Indeed, “customer [data], artificial intelligence (AI), and hyper-personalization will transform the UX on fintech platforms,” said Maarten Verweij, chief executive and founding partner at Hong Kong-based legal consultancy firm Origin X, adding that data will be increasingly used “to determine customer behaviors and give the customers what they want.”

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What will this “hyper-personalization” look like? According to Aaina Bajaj, digital marketing specialist at Signity Solutions, financial institutions are increasingly using customers’ browsing data and purchasing patterns to customize the services they offer them.

Maarten Verweij, chief executive and founding partner at Hong Kong-based legal consultancy firm Origin X.

“The real-time omnichannel integration of these insights delivers a personalized one-to-one marketing experience for their customers,” Baja said; thereby, these institutions can provide products and services at times when they are the “most relevant and useful.”

This kind of personalization could also improve the user experience (UX) on many fintech platforms, which Andrus Steiner described as “awful”: “[many] fintech companies know how to come up with a great idea, a solution and execution, but when it comes to UX, they are lagging.”

As such, Alan Grujic, founder and chief executive of All of Us Financial, believes that “developers will play a pivotal role” in the coming year.

“Financial interfaces must change, and fast,” Mr. Grujic said. “As more upstarts enter the market poised to challenge incumbents, user experience and user interface will be a critical differentiator.”

“Consumers are looking for a balance of technical ease delivered with a human experience; they want things to work seamlessly but they also want to have an empowering relationship with their financial company, whether it’s a bank or a brokerage.”

The shift toward mobile and online services also means that fintech customers will have a different set of needs that customers of traditional financial institutions. Mr. Grujic said that “trust and security” will be challenged in the year ahead “amid ongoing data breaches or hacked technology.”

“Banks and financial services companies that deliver transparent, immediate responsiveness in the wake of crisis, as well as those who can provide digital experiences that delight customers, are the ones who are going to come out on top,” he said.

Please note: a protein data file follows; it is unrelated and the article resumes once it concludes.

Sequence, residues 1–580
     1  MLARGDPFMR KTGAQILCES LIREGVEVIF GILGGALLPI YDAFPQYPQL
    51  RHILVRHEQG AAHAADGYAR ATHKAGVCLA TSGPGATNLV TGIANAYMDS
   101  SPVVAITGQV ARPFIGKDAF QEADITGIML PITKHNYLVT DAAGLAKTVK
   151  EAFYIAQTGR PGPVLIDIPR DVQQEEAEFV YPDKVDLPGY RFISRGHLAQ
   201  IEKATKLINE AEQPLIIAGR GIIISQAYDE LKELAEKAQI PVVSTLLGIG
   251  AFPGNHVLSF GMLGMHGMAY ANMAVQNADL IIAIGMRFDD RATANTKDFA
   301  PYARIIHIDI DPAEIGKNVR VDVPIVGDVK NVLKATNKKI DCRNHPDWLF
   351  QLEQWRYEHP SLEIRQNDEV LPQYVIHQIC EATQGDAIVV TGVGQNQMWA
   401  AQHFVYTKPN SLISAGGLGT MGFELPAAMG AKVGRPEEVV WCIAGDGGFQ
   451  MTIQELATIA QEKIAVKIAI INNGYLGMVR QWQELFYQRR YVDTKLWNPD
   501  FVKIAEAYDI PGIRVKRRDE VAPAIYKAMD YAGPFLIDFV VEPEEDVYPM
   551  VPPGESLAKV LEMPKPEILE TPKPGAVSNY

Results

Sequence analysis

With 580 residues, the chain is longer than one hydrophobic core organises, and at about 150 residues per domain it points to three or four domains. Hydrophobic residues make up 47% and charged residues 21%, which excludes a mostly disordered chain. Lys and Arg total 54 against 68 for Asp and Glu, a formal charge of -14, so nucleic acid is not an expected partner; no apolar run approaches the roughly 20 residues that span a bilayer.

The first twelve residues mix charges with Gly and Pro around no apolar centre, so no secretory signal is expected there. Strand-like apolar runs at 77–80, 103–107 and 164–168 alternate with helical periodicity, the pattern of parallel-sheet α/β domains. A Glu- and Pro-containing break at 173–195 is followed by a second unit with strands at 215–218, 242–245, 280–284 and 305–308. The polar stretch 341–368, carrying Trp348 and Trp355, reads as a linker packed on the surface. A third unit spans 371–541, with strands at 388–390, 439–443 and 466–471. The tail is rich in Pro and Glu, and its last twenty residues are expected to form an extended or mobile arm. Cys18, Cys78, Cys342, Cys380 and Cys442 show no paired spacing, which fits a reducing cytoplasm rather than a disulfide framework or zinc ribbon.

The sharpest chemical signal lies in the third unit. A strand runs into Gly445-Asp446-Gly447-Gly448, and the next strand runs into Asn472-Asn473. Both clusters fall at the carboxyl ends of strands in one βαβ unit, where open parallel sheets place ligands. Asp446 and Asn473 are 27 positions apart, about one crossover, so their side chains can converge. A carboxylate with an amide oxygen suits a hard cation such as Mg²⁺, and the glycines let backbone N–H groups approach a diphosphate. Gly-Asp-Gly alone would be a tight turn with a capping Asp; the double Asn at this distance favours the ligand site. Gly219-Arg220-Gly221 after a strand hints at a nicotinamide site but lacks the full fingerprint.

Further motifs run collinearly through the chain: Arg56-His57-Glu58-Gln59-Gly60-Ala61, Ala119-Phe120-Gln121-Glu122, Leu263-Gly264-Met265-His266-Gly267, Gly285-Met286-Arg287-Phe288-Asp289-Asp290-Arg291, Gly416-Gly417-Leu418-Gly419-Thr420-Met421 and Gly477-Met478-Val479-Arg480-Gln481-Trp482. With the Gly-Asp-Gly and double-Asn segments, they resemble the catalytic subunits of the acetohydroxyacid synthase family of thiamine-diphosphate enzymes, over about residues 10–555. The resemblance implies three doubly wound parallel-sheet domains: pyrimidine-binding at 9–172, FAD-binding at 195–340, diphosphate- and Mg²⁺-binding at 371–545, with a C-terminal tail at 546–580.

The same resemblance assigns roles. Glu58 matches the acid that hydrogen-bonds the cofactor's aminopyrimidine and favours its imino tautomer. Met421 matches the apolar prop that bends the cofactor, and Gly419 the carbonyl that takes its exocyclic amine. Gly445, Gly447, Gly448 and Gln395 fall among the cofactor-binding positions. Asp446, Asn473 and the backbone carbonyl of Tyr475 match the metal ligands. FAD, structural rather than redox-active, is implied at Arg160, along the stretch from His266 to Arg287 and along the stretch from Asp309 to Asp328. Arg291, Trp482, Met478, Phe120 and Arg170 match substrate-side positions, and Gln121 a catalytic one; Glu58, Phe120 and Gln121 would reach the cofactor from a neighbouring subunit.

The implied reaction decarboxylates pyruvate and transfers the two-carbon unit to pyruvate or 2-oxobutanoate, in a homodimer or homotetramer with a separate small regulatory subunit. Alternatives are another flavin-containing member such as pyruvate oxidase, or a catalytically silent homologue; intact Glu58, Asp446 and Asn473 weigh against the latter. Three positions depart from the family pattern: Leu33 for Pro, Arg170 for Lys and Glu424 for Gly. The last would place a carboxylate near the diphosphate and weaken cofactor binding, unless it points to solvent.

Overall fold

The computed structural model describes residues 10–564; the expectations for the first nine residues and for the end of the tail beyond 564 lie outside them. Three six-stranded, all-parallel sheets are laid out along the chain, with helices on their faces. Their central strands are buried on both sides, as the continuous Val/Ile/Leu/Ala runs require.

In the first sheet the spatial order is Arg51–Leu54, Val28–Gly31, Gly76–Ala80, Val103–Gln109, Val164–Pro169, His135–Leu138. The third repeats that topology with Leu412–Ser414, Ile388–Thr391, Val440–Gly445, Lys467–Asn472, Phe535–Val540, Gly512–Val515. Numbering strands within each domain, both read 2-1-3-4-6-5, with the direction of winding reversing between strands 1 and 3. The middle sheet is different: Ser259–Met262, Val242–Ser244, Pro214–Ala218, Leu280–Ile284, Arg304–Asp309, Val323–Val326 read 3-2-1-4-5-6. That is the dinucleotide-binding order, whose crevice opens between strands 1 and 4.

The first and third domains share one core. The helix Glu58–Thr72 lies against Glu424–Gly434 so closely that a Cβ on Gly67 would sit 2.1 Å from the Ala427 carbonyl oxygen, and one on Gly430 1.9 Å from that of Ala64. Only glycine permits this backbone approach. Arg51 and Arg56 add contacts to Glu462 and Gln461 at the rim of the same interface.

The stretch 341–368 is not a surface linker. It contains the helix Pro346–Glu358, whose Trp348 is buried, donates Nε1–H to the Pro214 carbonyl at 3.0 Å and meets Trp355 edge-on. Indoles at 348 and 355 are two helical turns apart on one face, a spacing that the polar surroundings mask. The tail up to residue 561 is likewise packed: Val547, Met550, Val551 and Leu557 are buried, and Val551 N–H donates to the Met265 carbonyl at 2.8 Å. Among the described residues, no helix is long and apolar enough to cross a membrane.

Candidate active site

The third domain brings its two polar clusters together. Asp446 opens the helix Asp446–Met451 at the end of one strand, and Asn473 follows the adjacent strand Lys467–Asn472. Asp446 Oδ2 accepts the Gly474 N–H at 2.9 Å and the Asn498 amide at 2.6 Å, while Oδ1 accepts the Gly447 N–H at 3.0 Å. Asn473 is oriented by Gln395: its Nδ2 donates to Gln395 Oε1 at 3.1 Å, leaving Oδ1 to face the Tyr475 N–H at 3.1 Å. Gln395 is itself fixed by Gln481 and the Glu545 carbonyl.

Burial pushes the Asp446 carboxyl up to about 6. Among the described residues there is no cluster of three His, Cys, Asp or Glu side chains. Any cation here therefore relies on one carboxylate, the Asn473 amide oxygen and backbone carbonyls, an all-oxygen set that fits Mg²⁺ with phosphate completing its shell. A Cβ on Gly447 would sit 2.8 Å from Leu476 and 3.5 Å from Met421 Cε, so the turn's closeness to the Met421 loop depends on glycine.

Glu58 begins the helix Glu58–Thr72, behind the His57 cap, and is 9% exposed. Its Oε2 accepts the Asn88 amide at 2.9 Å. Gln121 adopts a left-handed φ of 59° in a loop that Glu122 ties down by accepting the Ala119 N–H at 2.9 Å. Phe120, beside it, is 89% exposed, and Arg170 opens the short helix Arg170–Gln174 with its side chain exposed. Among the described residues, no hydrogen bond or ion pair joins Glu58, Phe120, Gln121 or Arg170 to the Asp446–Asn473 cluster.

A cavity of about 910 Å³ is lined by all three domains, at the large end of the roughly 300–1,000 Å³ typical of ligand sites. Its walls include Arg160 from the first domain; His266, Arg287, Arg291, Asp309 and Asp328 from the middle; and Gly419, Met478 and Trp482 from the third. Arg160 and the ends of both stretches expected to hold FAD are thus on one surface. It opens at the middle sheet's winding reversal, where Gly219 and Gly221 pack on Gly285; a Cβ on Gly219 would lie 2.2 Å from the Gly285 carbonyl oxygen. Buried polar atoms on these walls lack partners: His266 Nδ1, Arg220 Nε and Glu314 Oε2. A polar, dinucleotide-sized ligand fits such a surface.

lan Grujic, founder and chief executive of All of Us Financial.

4. Robotic Process Automation: the increased integration of “software roots” on fintech platforms

An important part of improved user-experience will be the development of robotic process automation (RPA) on fintech platforms–in other words, AI-enabled “software robots” will increasingly be used to handle repeatable tasks that would have previously been completed by humans.

In fintech, these tasks can include things like customer service requests and sending invoices, as well as “onboarding, verification, risk assessments, security checks, data analysis, reporting, and compliance processes,” according to Aaina Bajaj. RPA can also be used for fraud detection.

Anthony Macciola, chief innovation officer at ABBYY, a digital intelligence company, pointed out that in addition to streamlining UX, the development of RPA systems in fintech could allow for more effective human-to-human contact.

“Many manual tasks such as reviewing forms and data input will be undertaken by AI, allowing loan processors to concentrate on more important jobs like ensuring the process is kept on track and improving customer experience,” Mr. Macciola explained.

The rise of RPA could also help to eliminate human error from the fintech space as Process Intelligence (PI) is developed: “Process Intelligence (PI)will enable financial organizations to streamline applications and other consumer credit offerings,” he said.

Anthony Macciola, Chief Innovation Officer at ABBYY.

“Onboarding new customers for different products often follows a different business process and requires specific supporting documentation for verifying employment, assets, income and identity. Any delay or error in these onboarding processes could significantly impede transactions resulting in lost revenue, higher-processing costs or negative consumer experience.

“It is only by understanding the entire process end-to-end that organizations can identify problems and correct them – machine learning through PI will do this and will become a huge growth area in 2020.”

5. Consolidation and collaboration

The development and growth of RPA across fintech platforms will be enabled by another important trend in the fintech industry in the coming year–collaboration and consolidation.

Specifically, David Blumberg, founder and managing partner of SF-based early-stage venture capital firm Blumberg Capital, said that “in 2020, we’ll likely see more partnerships form between fintech startups and large financial institutions.”

Blumberg pointed to several examples of this that have occurred in the recent past: Wells Fargo’s decision to start a venture fund, as well as “Goldman Sachs leading Trulioo’s Series C financing (also funded by Citi, Santander and existing investor AMEX).”

It seems as though established financial institutions are increasingly aware of the advantages that startups have to offer them; startups can also benefit from traditional financial institutions, leading to the formation of symbiotic relationships: “traditional banks value startups for their speed and ability to deliver innovative solutions,” Blumberg said to Finance Magnates.

At the same time, “startups benefit from the credibility, scale, resources and regulatory compliance offered by established financial firms.”

Kanchan Kumar, recently told Finance Magnates that “the early days of fintech were the ‘unbundling of the banks'”, meaning that “young startups [were] looking to tackle problems very singular in focus.”

Now, however, the industry seems to be moving toward integration: “we’ll soon begin to see feature sets specifically designed for brand affinity and user dependency, such as data visualization, stronger accounting, and budgeting features, personalized customer service, and democratization of ‘luxury’ business features,” Kumar said.

Indeed, “the future of finance is one of collaboration.”